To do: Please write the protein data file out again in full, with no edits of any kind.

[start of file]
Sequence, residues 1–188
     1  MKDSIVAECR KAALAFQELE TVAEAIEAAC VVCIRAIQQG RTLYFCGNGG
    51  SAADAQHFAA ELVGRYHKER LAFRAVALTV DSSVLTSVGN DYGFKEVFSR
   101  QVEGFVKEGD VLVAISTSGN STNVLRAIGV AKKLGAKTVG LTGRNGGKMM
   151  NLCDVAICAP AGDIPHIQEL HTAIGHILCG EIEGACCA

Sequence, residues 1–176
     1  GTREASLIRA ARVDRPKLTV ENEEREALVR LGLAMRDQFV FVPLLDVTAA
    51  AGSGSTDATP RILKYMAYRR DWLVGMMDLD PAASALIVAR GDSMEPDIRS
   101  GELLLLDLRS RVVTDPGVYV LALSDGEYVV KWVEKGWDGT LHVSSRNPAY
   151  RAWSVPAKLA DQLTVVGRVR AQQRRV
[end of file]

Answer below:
Sequence, residues 1–188
     1  MKDSIVAECR KAALAFQELE TVAEAIEAAC VVCIRAIQQG RTLYFCGNGG
    51  SAADAQHFAA ELVGRYHKER LAFRAVALTV DSSVLTSVGN DYGFKEVFSR
   101  QVEGFVKEGD VLVAISTSGN STNVLRAIGV AKKLGAKTVG LTGRNGGKMM
   151  NLCDVAICAP AGDIPHIQEL HTAIGHILCG EIEGACCA

Sequence, residues 1–176
     1  GTREASLIRA ARVDRPKLTV ENEEREALVR LGLAMRDQFV FVPLLDVTAA
    51  AGSGSTDATP RILKYMAYRR DWLVGMMDLD PAASALIVAR GDSMEPDIRS
   101  GELLLLDLRS RVVTDPGVYV LALSDGEYVV KWVEKGWDGT LHVSSRNPAY
   151  RAWSVPAKLA DQLTVVGRVR AQQRRV